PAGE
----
Mohammad Iqlakh, who was killed in Dadri had made his last call seeking help to his Hindu childhood friend Manoj Sisodia. As per the police, Iqlakh’s call records show that he made his last call to Manoj at around 10:30 pm. Manoj owns a grocery shop which is at a distance of 500 metres to Iqlakh’s house.
Manoj told TOI, “By village standards, it was late in the night and I was preparing to go to sleep. That was when I saw Iqhlaq’s name flash on my phone. He sounded frantic. He told me: ‘Manoj bhai, hum khatrein mein hain. Kisi tarah police ko phone karke force bulwa do’ (Manoj, we are in danger. Call up the police and ask them to send a force). Those were his last words to me,”
He further added as he was recalling the worst night of his life, “I called up the police and told them my friend’s life was under threat. After I put the phone down, I ran to his house. I ran without stopping, but I was late. The police also arrived within 15 minutes, but Ikhlaq was already dead by then. Maybe if I had reached a little earlier, I could have helped in calming down the mob, enraged at the rumours of a calf having been slaughtered in the house. At least we could get his 21-year-old son, Danish, to hospital.”
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Danish is presently admitted in Kailash Hospital in Noida, his skull has been fractured with bleeding in frontal lobe. Now Manoj is afraid for his life as well, he said, “I feared that the mob would turn on me. After all, I used to dine with Iqlakh and his family often.”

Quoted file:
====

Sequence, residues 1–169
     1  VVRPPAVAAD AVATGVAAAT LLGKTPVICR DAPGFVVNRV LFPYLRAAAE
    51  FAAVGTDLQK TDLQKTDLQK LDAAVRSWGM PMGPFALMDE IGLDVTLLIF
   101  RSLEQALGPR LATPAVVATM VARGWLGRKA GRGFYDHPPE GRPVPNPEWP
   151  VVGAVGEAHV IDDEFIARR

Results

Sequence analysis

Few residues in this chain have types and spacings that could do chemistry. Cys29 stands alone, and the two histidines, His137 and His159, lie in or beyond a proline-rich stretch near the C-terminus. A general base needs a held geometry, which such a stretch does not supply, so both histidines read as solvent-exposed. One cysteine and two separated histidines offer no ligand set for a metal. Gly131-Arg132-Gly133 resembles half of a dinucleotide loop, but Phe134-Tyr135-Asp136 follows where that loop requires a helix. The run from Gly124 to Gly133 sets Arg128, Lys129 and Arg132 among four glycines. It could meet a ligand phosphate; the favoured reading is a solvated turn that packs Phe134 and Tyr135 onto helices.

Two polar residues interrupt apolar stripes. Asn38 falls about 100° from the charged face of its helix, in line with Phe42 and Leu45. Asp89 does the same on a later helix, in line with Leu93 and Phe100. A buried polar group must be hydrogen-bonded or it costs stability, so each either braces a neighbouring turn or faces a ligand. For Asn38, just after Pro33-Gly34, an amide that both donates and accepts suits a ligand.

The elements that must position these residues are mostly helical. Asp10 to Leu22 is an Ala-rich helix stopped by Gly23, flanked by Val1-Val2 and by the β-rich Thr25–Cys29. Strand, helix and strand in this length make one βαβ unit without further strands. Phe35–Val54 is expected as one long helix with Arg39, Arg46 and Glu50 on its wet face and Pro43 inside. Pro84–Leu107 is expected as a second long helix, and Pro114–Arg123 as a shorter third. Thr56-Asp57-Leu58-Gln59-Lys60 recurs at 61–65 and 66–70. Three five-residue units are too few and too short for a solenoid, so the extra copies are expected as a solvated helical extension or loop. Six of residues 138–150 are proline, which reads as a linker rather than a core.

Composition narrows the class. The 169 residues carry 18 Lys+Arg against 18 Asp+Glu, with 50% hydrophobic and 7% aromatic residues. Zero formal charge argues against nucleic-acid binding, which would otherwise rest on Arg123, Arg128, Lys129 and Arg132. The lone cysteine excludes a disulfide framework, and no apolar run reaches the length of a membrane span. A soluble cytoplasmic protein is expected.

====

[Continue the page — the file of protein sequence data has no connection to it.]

Remembering the good old days, Manoj told that nothing of this sort has happened in his village earlier, he told, “Ever since I learnt to speak, I have known him. I celebrated with him when his elder son got inducted in the Air Force and I saw his daughter grow up in front of my house. This is not the sort of village where Hindus and Muslims don’t mingle. Even though there are only about 30-40 Muslim families in a village of over 6,000 people, they have never faced any danger.”
Manoj showed his unhappiness over the visit of politicians and media, as he says, “Bisada has turned into a circus of some sort. There is continuous presence of police force. Every day a new politician visits us and media persons come along with him. In all this mess, the village has got no time to heal.”